Tips for Working, and Learning at Home During COVID-19

Working from home can come with two extremes.

Either you’re excited that you technically don’t have to get out of your pajama bottoms or you’re completely overwhelmed with working and trying to home-school and feed your kids at the same time. Unfortunately, if you’re the leader of a startup education company, neither scenario is particularly helpful for work or learning. Sorry, slippers! 

First and foremost, it’s important to forgive ourselves, our family, and our colleagues. We’re all going through an extreme time with health and financial disasters. Difficult emotions are inevitable and it can be challenging to compartmentalize everything that’s going on. Before we can be students, educators, or colleagues, we have to take care of ourselves and process what we’re feeling. 

Identifying what we’re feeling and how it’s showing up allows us to focus on what we can control in order to navigate each day. As we search for a new normal, our old routines and lives have been turned upside down. We need to find new rituals that start with self care and leave moments for creativity and reflection.

If we can give ourselves this key time and space throughout the day, we can be present for the people who depend on us and focus on what we need to do for work and for school.

All good routines start with a healthy sleep schedule, but it’s the times before going to bed and after you wake up that are really critical. Setting up a nightly routine that allows you to wind down and relax sets the tone for a good night’s sleep.

My favorite night time rituals are meditating, sharing three highlights of our days and what we’re grateful for with my husband, and reading a non-work-related book. 

And when you wake up, you guessed it, get out of your pajamas! Whether you’re exercising or heading straight to the shower, it’s good to remind your body that the day is officially starting. If you’re tired of doing the laundry, it’s a great time to divide up responsibilities around the house. Other morning rituals that help us get started include writing Artist Way Morning Pages and expressing gratitude towards someone we love.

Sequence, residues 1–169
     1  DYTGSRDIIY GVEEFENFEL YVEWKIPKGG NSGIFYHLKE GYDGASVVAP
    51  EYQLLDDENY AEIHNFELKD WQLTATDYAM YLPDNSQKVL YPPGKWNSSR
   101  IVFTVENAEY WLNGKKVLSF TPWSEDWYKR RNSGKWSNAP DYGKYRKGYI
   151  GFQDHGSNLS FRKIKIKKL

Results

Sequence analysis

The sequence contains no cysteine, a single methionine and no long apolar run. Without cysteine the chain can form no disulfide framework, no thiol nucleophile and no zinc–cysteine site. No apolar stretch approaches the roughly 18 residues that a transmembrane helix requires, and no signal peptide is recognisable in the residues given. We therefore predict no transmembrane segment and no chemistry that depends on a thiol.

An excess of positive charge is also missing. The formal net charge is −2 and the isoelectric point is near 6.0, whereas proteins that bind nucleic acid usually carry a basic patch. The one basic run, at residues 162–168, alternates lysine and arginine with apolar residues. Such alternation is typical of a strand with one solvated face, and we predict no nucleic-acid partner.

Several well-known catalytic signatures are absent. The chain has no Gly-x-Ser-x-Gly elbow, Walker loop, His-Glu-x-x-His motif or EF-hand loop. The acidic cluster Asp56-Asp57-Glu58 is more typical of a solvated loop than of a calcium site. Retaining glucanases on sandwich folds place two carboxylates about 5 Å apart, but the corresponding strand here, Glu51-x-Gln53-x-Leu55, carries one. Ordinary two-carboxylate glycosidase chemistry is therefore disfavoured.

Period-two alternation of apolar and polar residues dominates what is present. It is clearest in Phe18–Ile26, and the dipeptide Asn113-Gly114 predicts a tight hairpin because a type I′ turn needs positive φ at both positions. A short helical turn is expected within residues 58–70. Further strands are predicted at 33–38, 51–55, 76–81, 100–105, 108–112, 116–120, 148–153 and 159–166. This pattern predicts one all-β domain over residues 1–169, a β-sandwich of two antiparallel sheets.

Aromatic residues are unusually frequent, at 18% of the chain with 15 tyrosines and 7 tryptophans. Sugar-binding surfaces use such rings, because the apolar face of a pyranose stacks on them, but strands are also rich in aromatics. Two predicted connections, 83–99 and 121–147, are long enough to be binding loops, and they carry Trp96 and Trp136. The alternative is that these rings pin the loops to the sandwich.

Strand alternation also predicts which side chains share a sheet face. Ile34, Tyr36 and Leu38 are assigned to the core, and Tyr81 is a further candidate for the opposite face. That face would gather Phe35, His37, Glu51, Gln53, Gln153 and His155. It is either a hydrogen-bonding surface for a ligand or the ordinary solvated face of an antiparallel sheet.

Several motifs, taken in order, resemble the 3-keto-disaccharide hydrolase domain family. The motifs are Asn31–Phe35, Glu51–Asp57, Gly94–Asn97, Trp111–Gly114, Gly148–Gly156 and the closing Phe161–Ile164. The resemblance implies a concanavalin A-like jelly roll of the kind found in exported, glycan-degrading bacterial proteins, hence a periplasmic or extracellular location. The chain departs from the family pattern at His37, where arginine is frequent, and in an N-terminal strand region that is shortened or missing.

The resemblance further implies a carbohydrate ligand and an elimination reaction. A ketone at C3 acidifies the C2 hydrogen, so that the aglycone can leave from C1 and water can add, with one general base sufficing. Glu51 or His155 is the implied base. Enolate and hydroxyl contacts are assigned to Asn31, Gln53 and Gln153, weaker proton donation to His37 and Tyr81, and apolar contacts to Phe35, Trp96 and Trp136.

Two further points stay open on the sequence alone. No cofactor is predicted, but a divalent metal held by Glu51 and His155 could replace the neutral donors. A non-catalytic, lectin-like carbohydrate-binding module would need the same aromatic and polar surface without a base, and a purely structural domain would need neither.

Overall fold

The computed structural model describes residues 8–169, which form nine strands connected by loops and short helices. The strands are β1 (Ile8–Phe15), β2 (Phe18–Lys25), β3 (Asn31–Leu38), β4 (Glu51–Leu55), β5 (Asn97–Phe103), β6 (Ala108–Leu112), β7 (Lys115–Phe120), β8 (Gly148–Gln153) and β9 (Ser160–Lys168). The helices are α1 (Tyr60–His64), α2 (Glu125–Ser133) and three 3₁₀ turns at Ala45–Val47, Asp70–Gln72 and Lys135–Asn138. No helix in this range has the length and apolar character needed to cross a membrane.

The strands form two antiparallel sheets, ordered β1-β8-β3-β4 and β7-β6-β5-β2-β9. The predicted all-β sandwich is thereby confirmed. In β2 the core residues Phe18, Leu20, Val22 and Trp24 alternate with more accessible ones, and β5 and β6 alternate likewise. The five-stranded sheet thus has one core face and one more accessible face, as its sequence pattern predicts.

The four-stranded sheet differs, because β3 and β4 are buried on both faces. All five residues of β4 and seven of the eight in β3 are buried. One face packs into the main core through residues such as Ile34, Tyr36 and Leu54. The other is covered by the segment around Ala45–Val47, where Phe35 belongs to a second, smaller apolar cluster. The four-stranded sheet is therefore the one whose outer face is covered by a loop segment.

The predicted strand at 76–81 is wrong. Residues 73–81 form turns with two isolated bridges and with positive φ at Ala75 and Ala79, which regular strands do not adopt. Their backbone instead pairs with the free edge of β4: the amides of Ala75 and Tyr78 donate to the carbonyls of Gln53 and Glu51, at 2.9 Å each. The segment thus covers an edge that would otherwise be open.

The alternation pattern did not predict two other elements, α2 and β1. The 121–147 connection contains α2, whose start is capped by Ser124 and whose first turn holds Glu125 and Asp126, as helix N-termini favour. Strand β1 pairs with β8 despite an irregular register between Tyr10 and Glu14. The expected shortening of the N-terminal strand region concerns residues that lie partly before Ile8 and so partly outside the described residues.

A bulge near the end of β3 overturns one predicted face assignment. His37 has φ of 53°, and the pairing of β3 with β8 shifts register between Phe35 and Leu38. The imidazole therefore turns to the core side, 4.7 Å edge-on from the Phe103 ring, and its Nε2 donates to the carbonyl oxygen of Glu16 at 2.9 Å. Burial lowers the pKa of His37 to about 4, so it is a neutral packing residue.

Leave the Guesswork Out

Once you’ve started the day, it’s good to make a plan. Especially when we don’t know how radically different each day might be from the next, it helps to take time each morning to set some priorities. Start with when you’d like to take a break, when you need to prioritize family, some social time and some time to yourself. Another great morning tip: Try to tackle the most difficult part of our day first to get it done and out of the way.

Once you’ve built in this time, you’ll know exactly when you’ll need to focus most. That will also allow you to delegate and share responsibilities, both at work and at home. Remember to proactively communicate and set expectations. More than ever, we can’t rely on anyone to guess what we’re thinking or intuitively respond to requests or messages like they did before the pandemic. 

Almost everyone has taken on new roles as we adjust to what’s now considered normal. While it presents obvious challenges and difficulties, without the rush of commuting or weighing social engagements we have time to find routines that will not only help us survive this pandemic, but help us feel more resilient in the future. 

There are plenty of opportunities to be creative by learning new skills or exploring our hidden talents, like playing an instrument or drawing. Creative, healthy expression of our emotions is an essential piece of learning and working. It’s almost impossible to be an effective student or employee if you’re preoccupied with stress or anxiety — both of which are extremely common right now.

Channeling that energy into something that helps you grow will allow your mind to focus on other things as well. 

There are also opportunities to support our communities like never before. We can help our neighbors buy groceries or talk to family we haven’t called in far too long. Through these acts, we are reconnecting with our sense of self and place, a feeling many people have lost over the years, let alone during the pandemic.

Although we aren’t able to connect with each other in person, making the extra effort to communicate with or support the people surrounding us reinforces the fact that we are all in this together. 

Sara Potler LaHayne (@sara_lahayne) is Founder and CEO of Move This World, a social-emotional learning program supporting students.

Follow EdWeek Market Brief on Twitter @EdMarketBrief or connect with us on LinkedIn.


See also:

One thought on “Tips for Working, and Learning at Home During COVID-19

  1. For example, you may want to create sexual boundaries (being sexually exclusive) and social boundaries (having one night a week designated for friends or activities)

Leave a Reply

Your email address will not be published. Required fields are marked *